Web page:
10 June 2013

Thatcher in office

[Margaret] Thatcher arrived in office in May 1979 more clearly defined by what she wouldn’t do than by what she would. She was the alternative to two approaches to politics that had both run out of road. One was consensus: at various points during the traumas of the 1970s it was mooted that only a national government of all the parties and all the talents could save the country (the octogenarian Harold Macmillan apparently spent much of the decade waiting for the call to lead such an administration, which goes to show what an unrealistic idea it was). Thatcher’s solid parliamentary majority of 43 put a stop to all such talk, at least for the time being. The other was confrontation: the Winter of Discontent had tested to destruction the idea that a managed wage policy could produce anything other than permanent antagonism between the government and the union movement, as each looked to see how far it could push the other. Thatcher’s alternative to both consensus and confrontation is conventionally understood to have been monetarism. A Thatcher government would withdraw from the industrial battlefield and focus its attention on tightening the money supply in order to attack the primary cause of inflation. Wage policy would be a matter for individual employers to determine, with the state’s role limited to enforcing the rule of law (beefed up where necessary) in any confrontations that might ensue. The government would not seek industrial agreement but neither would it attempt to impose its will by fiat. It would take a step back to create the monetary framework within which sustainable economic growth could be achieved without constant derailment by pressure-group politics and crisis management. The conventional understanding is, however, wrong. It is true that Thatcher was determined not to have a wage policy and she stuck to that. It is also true that she had an initial go at monetarism. But she didn’t stick to that. It turned out that her alternative to both confrontation and consensus was simply another sort of crisis management: she made it up as she went along.

Thatcher’s personal attachment to monetarism was never very steady. She was no economist: as one of her advisers put it, she was ‘good on finance … not good on economics’. She had read the high priest of monetarism, Milton Friedman (she and members of her shadow cabinet had met with him often), and she knew she wanted the same things he wanted: sound money, an end to stagflation, limits on government profligacy. But he was far from sure that she understood his prescription for getting there. There was one thing she liked even less than high inflation and that was high interest rates. They unnerved her because she felt she had direct experience of their effect on small businesses and ordinary families, especially those with mortgages. Her government’s first foray into controlling the money supply included punitively high interest rates, which made her uncomfortable. They also made Friedman uncomfortable because he thought this was the wrong way to tackle the problem: in his universe it was doing things back to front to use interest rates to control the money supply rather than acknowledging that the rate of interest simply reflects the supply of and demand for money. Friedman wanted the Bank of England to print less of the stuff and let things take their course from there. But Thatcher did not have the time or the political patience to let things take their course. Her tough monetary stance had had the unintended side-effect of boosting the value of sterling, so making it much harder for British industry to export. Within a year of coming to Downing Street her government was presiding over rapidly rising unemployment, stubbornly high inflation, an expanding money supply, sky-high interest rates and falling exports. It was time to try something else.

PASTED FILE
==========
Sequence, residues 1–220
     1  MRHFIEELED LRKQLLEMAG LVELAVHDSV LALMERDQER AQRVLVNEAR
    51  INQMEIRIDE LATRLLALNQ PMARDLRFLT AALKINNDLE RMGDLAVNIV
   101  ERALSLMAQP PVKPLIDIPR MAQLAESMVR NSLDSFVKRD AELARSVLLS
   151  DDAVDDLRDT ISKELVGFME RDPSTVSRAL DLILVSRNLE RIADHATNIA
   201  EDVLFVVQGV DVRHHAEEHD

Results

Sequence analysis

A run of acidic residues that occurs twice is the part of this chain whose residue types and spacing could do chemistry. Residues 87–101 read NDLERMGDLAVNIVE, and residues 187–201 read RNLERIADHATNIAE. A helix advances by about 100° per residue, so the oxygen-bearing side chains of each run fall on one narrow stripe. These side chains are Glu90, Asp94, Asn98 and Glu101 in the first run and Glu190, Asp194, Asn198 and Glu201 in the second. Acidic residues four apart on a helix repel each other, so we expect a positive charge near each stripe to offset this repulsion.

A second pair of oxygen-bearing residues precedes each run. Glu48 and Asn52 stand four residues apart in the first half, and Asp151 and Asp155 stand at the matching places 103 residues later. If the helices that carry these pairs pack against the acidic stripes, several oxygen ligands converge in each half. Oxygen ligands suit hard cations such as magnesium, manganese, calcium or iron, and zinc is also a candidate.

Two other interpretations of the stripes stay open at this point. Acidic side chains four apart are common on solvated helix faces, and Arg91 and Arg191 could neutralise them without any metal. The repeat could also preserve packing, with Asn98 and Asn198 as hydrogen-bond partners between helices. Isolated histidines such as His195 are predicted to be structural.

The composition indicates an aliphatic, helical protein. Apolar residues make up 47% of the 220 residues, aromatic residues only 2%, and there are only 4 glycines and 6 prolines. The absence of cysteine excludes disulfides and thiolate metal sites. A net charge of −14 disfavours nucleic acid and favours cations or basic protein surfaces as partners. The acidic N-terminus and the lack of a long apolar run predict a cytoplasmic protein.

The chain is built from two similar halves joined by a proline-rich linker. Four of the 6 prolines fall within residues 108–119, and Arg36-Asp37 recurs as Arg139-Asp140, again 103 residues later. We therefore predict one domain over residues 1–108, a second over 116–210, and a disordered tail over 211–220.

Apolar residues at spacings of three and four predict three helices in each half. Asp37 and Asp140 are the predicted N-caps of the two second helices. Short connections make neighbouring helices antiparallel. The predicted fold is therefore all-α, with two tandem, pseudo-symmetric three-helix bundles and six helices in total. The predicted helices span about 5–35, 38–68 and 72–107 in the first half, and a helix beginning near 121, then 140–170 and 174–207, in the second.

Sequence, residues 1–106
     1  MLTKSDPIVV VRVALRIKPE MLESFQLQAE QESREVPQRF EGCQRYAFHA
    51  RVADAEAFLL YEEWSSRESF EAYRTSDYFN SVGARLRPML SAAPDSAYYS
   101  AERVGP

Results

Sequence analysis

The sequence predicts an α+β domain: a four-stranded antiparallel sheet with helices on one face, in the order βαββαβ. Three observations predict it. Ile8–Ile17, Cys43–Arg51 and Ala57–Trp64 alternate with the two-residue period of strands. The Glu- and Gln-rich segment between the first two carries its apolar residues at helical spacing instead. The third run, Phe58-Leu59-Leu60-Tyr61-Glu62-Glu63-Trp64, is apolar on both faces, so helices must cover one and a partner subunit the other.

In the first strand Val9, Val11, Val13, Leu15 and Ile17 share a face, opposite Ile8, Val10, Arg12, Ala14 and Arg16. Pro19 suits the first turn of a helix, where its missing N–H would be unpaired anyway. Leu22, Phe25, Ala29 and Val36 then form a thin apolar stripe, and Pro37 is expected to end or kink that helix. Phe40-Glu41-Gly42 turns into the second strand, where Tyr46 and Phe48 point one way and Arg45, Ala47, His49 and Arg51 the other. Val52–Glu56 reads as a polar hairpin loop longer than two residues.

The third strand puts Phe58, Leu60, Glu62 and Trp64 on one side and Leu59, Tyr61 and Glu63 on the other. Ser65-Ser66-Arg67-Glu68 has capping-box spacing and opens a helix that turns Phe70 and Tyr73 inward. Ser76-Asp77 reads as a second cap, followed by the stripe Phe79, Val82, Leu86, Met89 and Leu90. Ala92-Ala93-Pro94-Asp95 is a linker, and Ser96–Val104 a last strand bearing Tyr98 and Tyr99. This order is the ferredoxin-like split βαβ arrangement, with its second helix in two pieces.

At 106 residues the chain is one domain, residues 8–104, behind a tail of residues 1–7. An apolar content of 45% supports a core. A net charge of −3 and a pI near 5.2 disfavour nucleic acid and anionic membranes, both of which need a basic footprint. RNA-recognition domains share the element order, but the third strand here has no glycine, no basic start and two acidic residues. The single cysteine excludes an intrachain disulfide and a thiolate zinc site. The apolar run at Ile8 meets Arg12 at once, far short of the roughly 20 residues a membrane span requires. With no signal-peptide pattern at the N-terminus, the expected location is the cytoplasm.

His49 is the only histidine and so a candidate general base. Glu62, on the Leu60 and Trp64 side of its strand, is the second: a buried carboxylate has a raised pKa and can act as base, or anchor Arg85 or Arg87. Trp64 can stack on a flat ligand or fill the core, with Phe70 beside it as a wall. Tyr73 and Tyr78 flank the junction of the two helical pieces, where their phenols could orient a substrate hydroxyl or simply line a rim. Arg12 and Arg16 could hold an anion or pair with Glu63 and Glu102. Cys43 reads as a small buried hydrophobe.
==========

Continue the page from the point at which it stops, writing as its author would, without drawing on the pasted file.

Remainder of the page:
This is what she did in the autumn of 1980. Just as she was making her famous ‘The lady’s not for turning’ speech to the party conference, the lady turned. She wanted lower interest rates. She also wanted a more competitive currency. Her government, under the direction of her chancellor, Geoffrey Howe, returned to traditional methods of exchange rate management through adjustments to interest rates and fiscal policy, hoping to patch together a short-term fix to get her over the worst. At the same time, she didn’t want to signal any weakening of resolve. She turned her personal attention to getting the spending of government departments under control. This was much more her style.

- David Runciman, London Review of Books, 6 June 2013, reviews Margaret Thatcher: The Authorised Biography. Vol.1: Not For Turning, by Charles Moore.

See also:
Blog: 'This Monty Python, is he one of us?', 8 October 2010
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